We are all familiar with the phrase “grow up!” Some of us have heard it on multiple occasions, when people feel that we have somehow crossed the line into childish and, thus, unacceptable behaviour. This assumes, of course, that being childlike and playful means that you are somehow in the wrong and can´t be taken seriously.
This is potentially bad news for an industry, such as the computer games industry. We all want to be taken seriously by investors, journalists potential employees, the government and industrial bodies we need to interact with to thrive. At the same time, the industry needs to retain the playfulness and imagination at its core, which it will need to create the experiences that its customers demand.
The idea that the gaming industry only creates experiences for male teenagers is a well-worn cliché. This is no longer the case, as gamers have become a much more diverse bunch. Pinning down the ´typical´ gamer is probably impossible, these days. In any case, you could probably argue that the average gamer is now a middle-aged woman rather than a teenage boy.
This is good news. It means that games studios and publishers can now make a nice living by catering to individual niches, even if some will go for the increasingly elusive mainstream. Perhaps the only commonality among gamers these days is the fact that they are all looking for a playful experience. Because of this, and to the dismay of all of those “grown-ups” around us, being childlike and playful is actually crucial for the industry to thrive.
But does the computer games industry have the ability to change other industries, or society itself, for the better? Gamification is a buzzwords that has been used much over the past few years. Wikipedia defines it as “the use of game play mechanics for non-game applications.” To the consumer, it can mean a smart phone app that gives him or her points for finishing household chores (Chore Wars), a digital dashboard at work that shows performance and stats in real time, or advertising such as the brilliantly executed Magnum Pleasure Hunt Accross the Internet.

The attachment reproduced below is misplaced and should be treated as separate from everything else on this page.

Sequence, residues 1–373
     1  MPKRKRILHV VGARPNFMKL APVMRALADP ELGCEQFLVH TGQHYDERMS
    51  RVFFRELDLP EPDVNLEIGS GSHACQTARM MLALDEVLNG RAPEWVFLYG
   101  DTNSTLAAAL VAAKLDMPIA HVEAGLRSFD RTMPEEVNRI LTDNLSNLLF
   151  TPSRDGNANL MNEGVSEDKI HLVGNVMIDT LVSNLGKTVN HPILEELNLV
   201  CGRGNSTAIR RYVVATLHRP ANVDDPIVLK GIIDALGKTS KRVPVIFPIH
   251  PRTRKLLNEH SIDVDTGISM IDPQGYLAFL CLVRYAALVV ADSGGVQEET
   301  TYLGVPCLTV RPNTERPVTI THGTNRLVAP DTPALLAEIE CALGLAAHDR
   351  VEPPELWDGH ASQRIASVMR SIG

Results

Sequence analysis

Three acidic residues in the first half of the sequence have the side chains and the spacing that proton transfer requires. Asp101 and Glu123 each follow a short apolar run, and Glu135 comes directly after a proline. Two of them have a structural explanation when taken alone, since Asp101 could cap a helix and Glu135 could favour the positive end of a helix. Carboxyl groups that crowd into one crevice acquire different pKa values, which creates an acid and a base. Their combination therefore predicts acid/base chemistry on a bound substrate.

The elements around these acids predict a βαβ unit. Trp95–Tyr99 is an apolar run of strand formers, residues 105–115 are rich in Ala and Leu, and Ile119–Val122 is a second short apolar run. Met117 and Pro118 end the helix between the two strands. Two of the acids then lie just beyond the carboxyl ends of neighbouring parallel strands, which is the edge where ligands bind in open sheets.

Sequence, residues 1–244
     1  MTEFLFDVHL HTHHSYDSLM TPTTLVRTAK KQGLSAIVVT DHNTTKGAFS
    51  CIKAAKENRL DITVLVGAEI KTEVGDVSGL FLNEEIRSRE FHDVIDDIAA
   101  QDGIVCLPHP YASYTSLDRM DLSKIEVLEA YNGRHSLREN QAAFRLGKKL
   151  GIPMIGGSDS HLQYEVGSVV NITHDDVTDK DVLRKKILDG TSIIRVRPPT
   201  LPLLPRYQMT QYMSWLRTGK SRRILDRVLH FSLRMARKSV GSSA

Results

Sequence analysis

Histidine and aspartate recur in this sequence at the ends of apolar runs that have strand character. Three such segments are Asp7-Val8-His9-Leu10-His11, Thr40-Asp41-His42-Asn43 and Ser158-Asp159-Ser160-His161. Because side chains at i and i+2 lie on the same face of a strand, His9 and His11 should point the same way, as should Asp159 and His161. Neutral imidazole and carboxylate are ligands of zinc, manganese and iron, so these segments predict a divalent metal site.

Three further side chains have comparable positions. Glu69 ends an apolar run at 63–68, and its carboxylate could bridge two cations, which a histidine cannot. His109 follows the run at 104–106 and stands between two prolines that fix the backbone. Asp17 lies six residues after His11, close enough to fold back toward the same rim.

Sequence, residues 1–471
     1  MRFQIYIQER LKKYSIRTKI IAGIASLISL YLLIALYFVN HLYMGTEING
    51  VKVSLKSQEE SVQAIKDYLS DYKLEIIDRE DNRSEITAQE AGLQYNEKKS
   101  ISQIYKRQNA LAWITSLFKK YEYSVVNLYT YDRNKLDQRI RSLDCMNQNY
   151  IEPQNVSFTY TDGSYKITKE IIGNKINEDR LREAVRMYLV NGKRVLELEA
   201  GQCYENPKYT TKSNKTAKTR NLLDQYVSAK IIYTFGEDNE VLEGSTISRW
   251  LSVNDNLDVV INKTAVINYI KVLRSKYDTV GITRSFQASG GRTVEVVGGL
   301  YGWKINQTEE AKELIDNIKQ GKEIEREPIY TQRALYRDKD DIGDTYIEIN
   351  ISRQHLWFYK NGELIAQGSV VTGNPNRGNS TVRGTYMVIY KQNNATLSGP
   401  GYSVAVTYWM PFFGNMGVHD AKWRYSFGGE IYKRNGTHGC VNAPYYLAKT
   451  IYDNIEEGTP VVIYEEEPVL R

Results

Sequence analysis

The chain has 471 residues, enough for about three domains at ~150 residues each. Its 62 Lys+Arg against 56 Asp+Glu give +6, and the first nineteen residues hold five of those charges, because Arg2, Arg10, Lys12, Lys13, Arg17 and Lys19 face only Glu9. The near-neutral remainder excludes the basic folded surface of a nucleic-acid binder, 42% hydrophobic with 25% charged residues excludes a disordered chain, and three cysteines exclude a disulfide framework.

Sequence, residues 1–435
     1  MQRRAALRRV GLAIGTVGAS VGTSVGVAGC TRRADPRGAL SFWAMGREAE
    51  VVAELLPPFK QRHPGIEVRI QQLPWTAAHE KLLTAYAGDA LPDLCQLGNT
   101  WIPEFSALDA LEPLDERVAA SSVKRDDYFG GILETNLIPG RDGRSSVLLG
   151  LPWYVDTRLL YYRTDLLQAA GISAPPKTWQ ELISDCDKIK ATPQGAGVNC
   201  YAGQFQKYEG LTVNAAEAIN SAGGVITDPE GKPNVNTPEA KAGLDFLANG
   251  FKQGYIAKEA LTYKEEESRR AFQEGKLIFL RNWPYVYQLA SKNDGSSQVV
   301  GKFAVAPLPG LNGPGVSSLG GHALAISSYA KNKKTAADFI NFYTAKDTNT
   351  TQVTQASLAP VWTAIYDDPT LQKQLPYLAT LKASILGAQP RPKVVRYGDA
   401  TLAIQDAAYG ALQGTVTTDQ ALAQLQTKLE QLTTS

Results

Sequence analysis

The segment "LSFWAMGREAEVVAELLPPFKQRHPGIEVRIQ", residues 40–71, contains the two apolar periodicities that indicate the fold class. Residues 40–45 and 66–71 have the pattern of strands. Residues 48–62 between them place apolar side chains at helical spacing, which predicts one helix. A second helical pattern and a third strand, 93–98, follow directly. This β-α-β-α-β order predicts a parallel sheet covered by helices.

Gamification can be combined with crowdsourcing, as is shown by the the DARPA submarine hunting simulation. DARPA makes a game based on submarine warfare, distributes it widely and monitors what tactics and strategy works based on the simulation outcomes. Our friends at CCP make the economy of its vast Massively Multiplayer Online Role Playing Game, Eve Online, available to economists for research and analysis.
The applications of gamifaction are endless. Think firefighting, policing, search and rescue, navigating, driving, urban planning, financial and commodities markets, etc.
Playfulness can be used to create countless hours of fun and escapism, but it can also be crucial for serious, and even deadly, situations in life. Who would have thought?